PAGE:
PITTSBURGH -- Pirates manager Jim Leyland said he is not comfortable with his team's 3-2 lead and the home-field advantage in the National League Championship Series.
"I can't feel too good about it, knowing we still might have to face [Steve] Avery and [John] Smoltz," Leyland said. "Beating one of them is going to be tough enough."
Leyland was referring to the Braves' starting pitchers in Game 6, at 8:30 tonight and, if necessary, Game 7 tomorrow night.
"I don't know how it will be any different from the first time we faced him, except if he makes a mistake," the Pirates' Andy Van Slyke said of Avery, 21, who held the Pirates scoreless in 8 1/3 innings in Game 2.
"For being just 21, he showed a lot of composure," said Doug Drabek, tonight's Pirates starter. "Sometimes some guys are lucky, it doesn't matter if they have playoff experience or not. He is obviously one of those guys."
Avery is 3-0 against the Pirates this season with a 1.21 ERA. In his last nine starts, he has gone 6-0 with a 2.24 ERA.
He is the youngest 18-game winner for the Braves franchise since 1900 and will have a chance tonight to become one of the youngest postseason heroes ever.
Avery might have an advantage if the weather is cold and rainy, as expected. A couple of times during his 1988 senior season at Kennedy High in Taylor, Mich., he pitched in snow.
"It was kind of tough," he said. "You had to put gloves on between innings."
* CAN'T TURN BACK NOW: Braves manager Bobby Cox sticks by his decision to call for a suicide squeeze with two out and two strikes on pitcher Tom Glavine in the second inning of the Pirates' 1-0 victory Monday.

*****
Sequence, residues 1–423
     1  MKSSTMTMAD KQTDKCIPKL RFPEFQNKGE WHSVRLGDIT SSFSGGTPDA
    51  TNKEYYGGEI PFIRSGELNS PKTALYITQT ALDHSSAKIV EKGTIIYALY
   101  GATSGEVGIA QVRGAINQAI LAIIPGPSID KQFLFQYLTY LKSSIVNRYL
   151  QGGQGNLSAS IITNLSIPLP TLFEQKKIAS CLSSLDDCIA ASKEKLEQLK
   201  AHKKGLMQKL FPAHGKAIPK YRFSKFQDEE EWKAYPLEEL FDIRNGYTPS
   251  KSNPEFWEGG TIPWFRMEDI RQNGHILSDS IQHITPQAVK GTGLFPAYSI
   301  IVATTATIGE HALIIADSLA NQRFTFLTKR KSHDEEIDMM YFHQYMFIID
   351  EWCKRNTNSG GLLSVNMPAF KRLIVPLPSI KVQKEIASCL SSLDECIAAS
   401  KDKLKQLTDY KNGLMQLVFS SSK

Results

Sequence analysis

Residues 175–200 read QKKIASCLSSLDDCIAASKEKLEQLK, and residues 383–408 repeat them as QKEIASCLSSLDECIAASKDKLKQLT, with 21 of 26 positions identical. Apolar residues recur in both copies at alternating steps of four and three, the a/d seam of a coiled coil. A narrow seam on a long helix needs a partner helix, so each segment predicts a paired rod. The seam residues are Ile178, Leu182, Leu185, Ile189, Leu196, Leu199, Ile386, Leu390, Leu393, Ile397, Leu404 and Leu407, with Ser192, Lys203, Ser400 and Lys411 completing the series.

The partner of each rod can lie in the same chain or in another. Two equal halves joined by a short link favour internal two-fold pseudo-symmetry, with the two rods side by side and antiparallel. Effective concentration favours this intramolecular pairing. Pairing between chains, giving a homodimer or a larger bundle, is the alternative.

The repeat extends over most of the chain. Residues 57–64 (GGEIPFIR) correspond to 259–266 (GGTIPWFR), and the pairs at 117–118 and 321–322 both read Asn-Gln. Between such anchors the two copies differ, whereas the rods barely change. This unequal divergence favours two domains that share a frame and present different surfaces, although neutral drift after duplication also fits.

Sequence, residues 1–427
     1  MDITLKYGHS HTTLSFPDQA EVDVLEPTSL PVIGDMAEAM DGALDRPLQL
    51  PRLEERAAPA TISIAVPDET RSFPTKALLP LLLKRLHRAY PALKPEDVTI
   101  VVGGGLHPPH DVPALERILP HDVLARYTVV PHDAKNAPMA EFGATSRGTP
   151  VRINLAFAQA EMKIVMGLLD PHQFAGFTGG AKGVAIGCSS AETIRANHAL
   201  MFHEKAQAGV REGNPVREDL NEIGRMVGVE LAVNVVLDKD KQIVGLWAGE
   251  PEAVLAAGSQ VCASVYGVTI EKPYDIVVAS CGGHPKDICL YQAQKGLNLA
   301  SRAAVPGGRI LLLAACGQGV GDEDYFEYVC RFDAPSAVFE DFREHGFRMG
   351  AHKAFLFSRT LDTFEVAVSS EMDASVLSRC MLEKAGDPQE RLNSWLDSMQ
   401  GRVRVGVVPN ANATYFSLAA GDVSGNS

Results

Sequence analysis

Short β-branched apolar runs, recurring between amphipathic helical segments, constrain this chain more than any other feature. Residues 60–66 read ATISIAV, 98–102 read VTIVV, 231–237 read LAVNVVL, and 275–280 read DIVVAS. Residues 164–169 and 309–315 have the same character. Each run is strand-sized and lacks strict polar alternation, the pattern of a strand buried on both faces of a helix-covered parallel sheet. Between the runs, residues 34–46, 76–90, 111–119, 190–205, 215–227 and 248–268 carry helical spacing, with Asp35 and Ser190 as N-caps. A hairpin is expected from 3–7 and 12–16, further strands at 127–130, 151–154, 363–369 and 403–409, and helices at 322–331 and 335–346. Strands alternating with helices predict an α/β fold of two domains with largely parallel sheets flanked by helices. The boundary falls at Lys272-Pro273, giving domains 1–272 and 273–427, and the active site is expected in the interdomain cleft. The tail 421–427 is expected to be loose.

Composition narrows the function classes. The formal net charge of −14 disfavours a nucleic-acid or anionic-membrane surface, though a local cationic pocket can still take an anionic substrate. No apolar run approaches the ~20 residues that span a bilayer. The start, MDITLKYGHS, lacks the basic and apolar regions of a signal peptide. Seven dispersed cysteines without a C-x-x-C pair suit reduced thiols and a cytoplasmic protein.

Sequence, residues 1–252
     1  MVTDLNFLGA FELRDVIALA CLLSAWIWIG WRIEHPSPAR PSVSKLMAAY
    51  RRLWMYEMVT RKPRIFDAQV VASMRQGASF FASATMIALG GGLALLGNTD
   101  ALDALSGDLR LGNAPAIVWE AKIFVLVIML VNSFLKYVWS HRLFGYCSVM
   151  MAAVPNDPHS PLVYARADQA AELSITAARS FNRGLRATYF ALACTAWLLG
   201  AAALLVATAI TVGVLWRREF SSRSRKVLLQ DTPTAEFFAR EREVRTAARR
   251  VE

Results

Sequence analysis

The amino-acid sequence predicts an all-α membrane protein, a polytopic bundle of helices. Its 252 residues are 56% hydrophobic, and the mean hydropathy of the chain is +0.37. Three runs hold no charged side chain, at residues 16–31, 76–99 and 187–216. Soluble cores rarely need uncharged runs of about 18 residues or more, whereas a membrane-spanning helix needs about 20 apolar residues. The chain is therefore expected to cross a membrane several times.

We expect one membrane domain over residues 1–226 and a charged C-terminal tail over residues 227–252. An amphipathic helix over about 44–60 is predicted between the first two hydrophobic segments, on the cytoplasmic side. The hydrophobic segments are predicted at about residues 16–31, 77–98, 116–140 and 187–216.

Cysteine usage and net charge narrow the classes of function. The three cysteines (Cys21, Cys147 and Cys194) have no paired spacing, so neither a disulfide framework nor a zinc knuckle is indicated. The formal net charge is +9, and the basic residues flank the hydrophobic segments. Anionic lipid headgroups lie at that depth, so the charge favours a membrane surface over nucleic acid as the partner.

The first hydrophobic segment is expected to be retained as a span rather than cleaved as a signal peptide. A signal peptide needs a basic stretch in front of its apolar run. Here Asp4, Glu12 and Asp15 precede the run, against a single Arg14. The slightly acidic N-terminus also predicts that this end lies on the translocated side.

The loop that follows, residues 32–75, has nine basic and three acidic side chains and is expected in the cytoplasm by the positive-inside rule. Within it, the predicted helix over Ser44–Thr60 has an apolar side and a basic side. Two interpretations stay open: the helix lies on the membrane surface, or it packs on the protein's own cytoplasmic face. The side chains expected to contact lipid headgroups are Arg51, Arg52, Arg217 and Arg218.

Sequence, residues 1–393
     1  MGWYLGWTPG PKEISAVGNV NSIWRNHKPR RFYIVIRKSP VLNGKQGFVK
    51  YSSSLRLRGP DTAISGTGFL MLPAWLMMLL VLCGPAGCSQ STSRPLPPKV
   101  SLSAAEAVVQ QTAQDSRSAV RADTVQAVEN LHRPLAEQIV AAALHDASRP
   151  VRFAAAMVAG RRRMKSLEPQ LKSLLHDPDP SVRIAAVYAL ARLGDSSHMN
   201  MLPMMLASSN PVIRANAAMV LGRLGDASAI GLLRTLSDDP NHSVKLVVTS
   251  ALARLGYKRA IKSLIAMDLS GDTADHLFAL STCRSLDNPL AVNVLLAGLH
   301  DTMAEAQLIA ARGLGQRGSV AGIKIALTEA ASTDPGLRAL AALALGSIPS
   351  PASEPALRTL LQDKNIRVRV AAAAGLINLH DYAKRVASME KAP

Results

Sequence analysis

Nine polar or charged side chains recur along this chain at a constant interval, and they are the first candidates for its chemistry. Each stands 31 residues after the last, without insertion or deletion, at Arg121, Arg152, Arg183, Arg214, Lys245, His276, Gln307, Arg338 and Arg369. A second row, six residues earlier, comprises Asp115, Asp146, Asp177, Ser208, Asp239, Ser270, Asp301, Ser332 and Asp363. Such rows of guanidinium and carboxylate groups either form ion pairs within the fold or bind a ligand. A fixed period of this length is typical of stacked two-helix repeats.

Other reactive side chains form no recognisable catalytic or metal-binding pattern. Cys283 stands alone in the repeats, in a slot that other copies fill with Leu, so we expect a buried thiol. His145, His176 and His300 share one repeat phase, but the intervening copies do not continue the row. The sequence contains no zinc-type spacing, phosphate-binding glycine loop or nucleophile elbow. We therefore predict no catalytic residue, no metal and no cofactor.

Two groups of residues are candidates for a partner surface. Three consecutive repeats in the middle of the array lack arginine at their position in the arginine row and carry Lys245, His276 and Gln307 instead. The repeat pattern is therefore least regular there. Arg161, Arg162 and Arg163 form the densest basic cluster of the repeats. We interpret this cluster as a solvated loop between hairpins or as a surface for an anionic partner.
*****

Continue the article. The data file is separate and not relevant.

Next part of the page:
Glavine missed the bunt sign and Brian Hunter was tagged out between third and home, ending the inning.
"I was real surprised he would bunt with two strikes," winning pitcher Zane Smith said.
Said Cox: "Tommy Glavine's probably the best bunter in baseball. Zane Smith is a control pitcher, the count went 2-2, perfect time to do it."
Cox also was criticized for leaving lefthanded hitter Sid Bream on the bench in the ninth inning against righthanded reliever Roger Mason. On three occasions, Bream, who has a home run and three runs batted in during the series, could have logical
ly been used as a pinch hitter. Instead, Cox used Tommy Gregg, Mark Lemke and Jeff Blauser.
"I was real surprised he didn't hit -- I was actually looking for him a couple of times," Mason said of Bream. "I figured as soon as a righthander got up, I would have to face him. I'm glad I didn't."
Cox said he didn't use Bream because he is slow.
"If Sid gets a pinch single, we've got to pinch-run and he's out of the ballgame," Cox said.
* BELL AS MVP? If the series ends tonight, the most valuable player probably will be Jay Bell, who is batting .476 and made the appeal play against David Justice at third base Monday, which took away a Braves run in the Pirates' 1-0 win. Bell said the reason he noticed that Justice had not touched base was because Bell had once missed first in the minor leagues and has studied runners' feet ever since.
* FOR THE BIRDS: Van Slyke gave a name to the bird that shared centerfield with him during Monday's game. "It was a digeon -- a cross between a dove and a pigeon," he said. "It was probably the most impressive thing in the game, because it spent the whole day eating. From the first to the ninth inning, it stuck its head down and ate. I threw a ball at it, and it still wouldn't leave."